I ran across an article that I didn’t even know I needed to read until I read it….. “On Being a Changemaker” by Karen Pryor.

It hit hard. So THIS is what I’ve been doing, and WHY it’s been so incredibly hard. I’m making things change (well, I’m trying…. not succeeding yet.) The phases of change she defines fit perfectly. The reactions from people around me are exactly as she describes. I know, however, that my reactions have not been as effective as they could be, so my goal is to take her ideas as my guide. This applies both to my work and to the advocacy I do (or try to do) with my children’s schools.

With full credit to Karen Pryor, here are her steps of what people do when faced with change:

  1. Ignore you
  2. Pretend to agree, but actually do nothing
  3. Resist, delay, obstruct
  4. Openly attack you (the dangerous phase, but also a sign that change is starting)
  5. Absorb
  6. Utilize
  7. Take credit
  8. Proselytize

Read the rest of the article for more details, but I am especially struck by her effective responses. I need to internalize them. The one I am very much looking forward to is the last:

They’re taking credit for your idea? By all means let them; your goal is the change. Credit is a low-cost reinforcer and people who want it don’t satiate. Give it away in buckets.

I can’t wait until that day. So far, I don’t see it, but I welcome it!The process of change is hard.

For my reference, here is Karen Pryor’s complete list of effective reactions:

  1. When they ignore you, find allies and persist.
  2. Don’t be misled by lip service. Find allies and persist.
  3. Meet resistance with persistence. Move around the resistance; try other avenues.
  4. The stage of open attack is a touchy time. People can get fired, for example. Keep your head down, but persist. Don’t take the attack personally, even if it is a personal attack. Attack is information; it tells you:
    a) You’re getting somewhere: change IS happening, causing extinction-induced aggression.
    b) Your attacker is frightened. Empathize.
    c) Your attacker still believes in the efficacy of aversives.
  5. Absorbing and utilizing: this stage can last a year or more. Maintain generous schedules of reinforcement.
  6. They’re taking credit for your idea? By all means let them; your goal is the change. Credit is a low-cost reinforcer and people who want it don’t satiate. Give it away in buckets.
  7. Are they pitching the change? Good. If you want to change something else, you now have new allies.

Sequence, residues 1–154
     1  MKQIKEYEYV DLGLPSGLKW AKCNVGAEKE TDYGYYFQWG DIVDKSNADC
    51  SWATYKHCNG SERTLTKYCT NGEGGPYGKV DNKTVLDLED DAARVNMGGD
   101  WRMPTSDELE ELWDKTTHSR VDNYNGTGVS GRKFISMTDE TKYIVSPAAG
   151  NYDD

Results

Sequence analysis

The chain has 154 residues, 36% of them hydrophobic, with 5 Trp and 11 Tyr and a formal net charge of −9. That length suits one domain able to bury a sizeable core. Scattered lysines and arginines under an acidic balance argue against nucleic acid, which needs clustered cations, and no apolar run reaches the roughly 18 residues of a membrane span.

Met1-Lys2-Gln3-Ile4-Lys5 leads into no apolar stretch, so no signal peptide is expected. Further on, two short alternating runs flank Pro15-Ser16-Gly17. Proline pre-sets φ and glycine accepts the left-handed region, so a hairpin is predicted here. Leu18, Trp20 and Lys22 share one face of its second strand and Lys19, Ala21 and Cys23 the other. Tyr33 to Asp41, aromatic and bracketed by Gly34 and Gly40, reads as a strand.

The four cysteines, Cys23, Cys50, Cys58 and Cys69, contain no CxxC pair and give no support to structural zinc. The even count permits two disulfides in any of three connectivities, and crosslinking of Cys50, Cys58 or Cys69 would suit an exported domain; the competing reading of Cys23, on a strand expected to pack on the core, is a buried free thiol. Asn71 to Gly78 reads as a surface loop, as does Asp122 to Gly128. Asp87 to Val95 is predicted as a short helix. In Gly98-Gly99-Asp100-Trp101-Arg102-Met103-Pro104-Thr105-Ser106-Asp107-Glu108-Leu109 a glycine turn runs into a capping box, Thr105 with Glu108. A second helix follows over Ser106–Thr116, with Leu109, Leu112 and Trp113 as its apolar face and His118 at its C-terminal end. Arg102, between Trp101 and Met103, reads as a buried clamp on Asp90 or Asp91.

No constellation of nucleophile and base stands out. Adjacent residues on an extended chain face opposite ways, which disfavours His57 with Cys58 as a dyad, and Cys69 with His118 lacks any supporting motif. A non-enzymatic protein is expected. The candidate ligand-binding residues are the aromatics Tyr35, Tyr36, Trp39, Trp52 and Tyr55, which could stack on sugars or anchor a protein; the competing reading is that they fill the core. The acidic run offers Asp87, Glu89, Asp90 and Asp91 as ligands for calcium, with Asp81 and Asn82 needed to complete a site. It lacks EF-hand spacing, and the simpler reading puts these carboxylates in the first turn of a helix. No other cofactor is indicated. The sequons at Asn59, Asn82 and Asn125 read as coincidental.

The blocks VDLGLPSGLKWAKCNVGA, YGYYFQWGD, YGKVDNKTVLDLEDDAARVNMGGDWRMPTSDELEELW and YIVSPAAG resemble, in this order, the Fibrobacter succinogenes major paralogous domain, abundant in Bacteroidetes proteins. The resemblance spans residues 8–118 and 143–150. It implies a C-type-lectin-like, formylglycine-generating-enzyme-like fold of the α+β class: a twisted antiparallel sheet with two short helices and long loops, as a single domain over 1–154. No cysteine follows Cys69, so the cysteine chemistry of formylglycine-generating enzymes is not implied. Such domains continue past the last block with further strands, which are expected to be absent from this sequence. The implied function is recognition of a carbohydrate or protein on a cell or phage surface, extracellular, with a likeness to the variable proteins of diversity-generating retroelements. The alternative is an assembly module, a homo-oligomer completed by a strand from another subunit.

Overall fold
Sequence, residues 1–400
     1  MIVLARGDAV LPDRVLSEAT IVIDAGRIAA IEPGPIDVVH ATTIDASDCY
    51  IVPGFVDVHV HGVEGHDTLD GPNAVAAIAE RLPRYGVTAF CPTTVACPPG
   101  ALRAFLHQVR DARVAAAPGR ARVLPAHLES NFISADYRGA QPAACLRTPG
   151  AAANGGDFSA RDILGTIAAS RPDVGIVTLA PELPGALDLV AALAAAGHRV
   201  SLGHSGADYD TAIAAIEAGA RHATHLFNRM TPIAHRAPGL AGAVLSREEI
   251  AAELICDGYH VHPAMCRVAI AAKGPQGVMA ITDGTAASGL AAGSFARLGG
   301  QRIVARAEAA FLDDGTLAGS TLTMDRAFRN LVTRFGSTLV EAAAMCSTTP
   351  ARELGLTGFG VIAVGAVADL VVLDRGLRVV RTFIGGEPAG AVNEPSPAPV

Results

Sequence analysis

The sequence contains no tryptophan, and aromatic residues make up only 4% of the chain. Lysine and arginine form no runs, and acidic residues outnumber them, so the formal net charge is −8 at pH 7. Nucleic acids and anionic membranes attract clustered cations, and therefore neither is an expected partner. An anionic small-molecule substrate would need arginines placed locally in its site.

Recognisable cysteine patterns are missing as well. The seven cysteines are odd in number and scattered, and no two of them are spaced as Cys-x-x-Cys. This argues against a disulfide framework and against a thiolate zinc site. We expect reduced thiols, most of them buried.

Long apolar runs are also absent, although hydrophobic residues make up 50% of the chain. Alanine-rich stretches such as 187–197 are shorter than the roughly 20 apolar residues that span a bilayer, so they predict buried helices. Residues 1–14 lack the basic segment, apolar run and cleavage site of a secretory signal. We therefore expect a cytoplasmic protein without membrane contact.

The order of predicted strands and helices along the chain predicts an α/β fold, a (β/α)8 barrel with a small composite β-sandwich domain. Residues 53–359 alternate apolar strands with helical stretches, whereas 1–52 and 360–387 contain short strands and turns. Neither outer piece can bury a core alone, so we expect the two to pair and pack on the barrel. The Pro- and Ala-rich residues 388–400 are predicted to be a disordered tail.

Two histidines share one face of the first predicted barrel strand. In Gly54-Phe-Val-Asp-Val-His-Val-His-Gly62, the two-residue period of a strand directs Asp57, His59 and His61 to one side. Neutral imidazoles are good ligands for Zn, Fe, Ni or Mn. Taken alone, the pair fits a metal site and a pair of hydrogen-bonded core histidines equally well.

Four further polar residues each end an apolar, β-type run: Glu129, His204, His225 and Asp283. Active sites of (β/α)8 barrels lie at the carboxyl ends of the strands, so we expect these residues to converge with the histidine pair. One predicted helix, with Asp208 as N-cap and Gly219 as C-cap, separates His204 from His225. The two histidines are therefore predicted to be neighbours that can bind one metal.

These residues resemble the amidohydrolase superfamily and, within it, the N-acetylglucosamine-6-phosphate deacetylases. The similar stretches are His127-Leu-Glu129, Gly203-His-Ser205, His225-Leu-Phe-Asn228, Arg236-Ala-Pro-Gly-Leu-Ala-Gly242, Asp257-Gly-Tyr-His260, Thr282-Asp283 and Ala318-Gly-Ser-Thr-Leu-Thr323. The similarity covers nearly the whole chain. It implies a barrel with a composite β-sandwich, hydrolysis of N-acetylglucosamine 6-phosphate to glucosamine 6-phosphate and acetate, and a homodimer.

– With credit to the Minnesota Council for the Gifted & Talented, where I first saw the story, and to MinnPost, Nov. 13, 2012, for the reference to Karen Pryor’s blog.

It’s Not Just Me!

Wow – I’m not alone in my dislike for AP History courses. As I was doing some research to submit a proposal to an education technology conference, I ran across an interesting “Roundtable” on about AP history courses.

Seems even AP History teachers aren’t always fond of AP courses. Their reasons sound quite similar to mine:

  • too much content too fast
  • teaching to multiple choice tests doesn’t teach anything
  • survey course doesn’t allow deep, meaningful work
  • etc. There are many more good reasons.

As a professional historian, I find these broad survey courses to be worthless. Does a student need to have a general sense of history? Of course. Do they need to learn this much this quickly? No way.

I’d much rather see students learn to understand the present through the past. Select a current event. Find the relevant history that brought us to where we are today. Dig deep. Find primary sources that build an argument and explain a situation. Give me a History Day project over an AP test any day.

I will be bringing this up at a curriculum night at the school. I fear I will be hooted out of there for daring to question their precious AP classes. I just find it interesting that 5 of the 6 teachers presented in that roundtable dislike the AP classes.


One Vision

Stumbled across the news that my old stomping grounds school district is moving to a 1:1 iPad initiative in some grades. A little internet digging, and I found some impressive information about their program. They’ve really thought this through, they’ve articulated WHY the technology is being used, and what the learning outcomes will be.

  • My Way
    Basic information about the project
  • My Way Presentation
    PDF of what I assume is a presentation they use for parents, school board, etc.

A few quotes and thoughts from the presentation:

  • “Each student has access to digital curriciulum via essential personal mobile learning device.” (empahsis mine)
  • Strong emphasis on personalized learning:  “The paradigm shift to a personalized learning experience is the process of contouring learning to individuals, recognizing that individuals inherently have different strengths and weaknesses, interests and ways of learning.” – Sir Ken Robinson